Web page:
Time+Place: Thursday 12/01/2017 10:30 Room 601 Taub Bld.
Title: How to Prove the Corretness of Computations
Speaker: Ron Rothblum - CS-Lecture http://people.csail.mit.edu/ronr/
Affiliation: M I T


Efficient proof verification is at the heart of the study of 
computation. Seminal results such as the IP=SPACE Theorem 
[LFKN92,Shamir92] and the PCP theorem [AS92,ALMSS92] show that even 
highly complicated statements can be verified extremely efficiently.

We study the complexity of proving statements using interactive 
protocols. Specifically, what statements can be proved by a 
polynomial-time prover to a super-efficient verifier. Our main results 
show that these proof-system are remarkably powerful: it is possible to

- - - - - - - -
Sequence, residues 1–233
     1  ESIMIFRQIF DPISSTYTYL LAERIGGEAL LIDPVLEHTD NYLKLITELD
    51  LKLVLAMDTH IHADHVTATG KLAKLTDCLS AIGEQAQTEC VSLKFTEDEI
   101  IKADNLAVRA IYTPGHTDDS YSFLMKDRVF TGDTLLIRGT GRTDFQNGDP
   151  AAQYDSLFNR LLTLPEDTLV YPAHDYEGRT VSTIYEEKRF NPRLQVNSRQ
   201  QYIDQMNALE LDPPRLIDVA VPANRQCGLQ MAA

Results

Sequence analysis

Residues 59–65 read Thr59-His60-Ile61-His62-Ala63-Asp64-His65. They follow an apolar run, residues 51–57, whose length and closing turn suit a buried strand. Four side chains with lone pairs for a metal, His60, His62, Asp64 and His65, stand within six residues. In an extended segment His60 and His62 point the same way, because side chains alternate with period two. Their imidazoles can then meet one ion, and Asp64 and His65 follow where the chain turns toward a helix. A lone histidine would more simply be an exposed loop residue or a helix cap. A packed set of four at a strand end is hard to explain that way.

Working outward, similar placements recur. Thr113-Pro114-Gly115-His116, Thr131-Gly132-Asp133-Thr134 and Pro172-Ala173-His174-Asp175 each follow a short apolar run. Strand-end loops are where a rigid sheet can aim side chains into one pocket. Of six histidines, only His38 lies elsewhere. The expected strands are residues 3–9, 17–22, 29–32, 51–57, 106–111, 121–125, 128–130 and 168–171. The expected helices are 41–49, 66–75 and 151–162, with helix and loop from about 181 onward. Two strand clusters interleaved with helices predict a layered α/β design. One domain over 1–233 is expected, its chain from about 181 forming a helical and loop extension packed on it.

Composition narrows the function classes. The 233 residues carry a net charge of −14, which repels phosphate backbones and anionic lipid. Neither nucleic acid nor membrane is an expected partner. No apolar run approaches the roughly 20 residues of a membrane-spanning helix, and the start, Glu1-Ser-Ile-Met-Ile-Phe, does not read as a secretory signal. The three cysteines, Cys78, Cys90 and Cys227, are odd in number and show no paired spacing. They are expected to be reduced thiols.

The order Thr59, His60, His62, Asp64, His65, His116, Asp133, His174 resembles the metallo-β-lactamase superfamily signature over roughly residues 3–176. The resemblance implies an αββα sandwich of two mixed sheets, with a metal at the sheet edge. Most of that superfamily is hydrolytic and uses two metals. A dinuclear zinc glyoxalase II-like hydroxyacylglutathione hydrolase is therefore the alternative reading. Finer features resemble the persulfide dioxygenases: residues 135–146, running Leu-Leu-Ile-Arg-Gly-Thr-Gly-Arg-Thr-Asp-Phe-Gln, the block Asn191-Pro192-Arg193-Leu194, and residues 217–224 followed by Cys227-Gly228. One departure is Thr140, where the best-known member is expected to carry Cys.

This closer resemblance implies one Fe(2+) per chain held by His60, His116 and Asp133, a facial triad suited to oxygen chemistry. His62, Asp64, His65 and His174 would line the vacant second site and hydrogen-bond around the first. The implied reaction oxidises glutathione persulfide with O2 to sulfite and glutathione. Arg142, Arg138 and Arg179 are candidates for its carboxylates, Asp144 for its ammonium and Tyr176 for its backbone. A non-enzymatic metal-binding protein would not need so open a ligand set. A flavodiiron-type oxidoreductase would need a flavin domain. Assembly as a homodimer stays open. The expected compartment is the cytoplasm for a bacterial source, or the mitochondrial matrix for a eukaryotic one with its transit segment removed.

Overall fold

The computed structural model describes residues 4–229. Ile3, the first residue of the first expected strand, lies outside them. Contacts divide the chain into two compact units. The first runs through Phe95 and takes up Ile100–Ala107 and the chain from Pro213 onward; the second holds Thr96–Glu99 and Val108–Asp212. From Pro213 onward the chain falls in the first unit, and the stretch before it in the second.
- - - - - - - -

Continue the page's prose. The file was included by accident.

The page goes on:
prove the correctness of general computations such that (1) the prover 
runs in polynomial-time, (2) the verifier runs in linear-time (and in 
some conditions in sublinear-time) and (3) the interaction consists of 
only a constant number ofcommunication rounds (and in some settings just 
a single round).

These proof-systems are motivated by, and have applications for, 
delegating computations in a cloud computing environment, and 
guaranteeing that they were performed correctly.

Short Bio:

Ron Rothblum completed his PhD at the Weizmann Institute of Science in 
2015, advised by Prof. Oded Goldreich. His dissertation received the 
John F. Kennedy Ph.D. Distinction Prize and the Shimon Even Prize in 
Theoretical Computer Science. He is currently a postdocoral associate at 
MIT. His research is focused on theoretical computer science, and 
especially cryptography and complexity theory.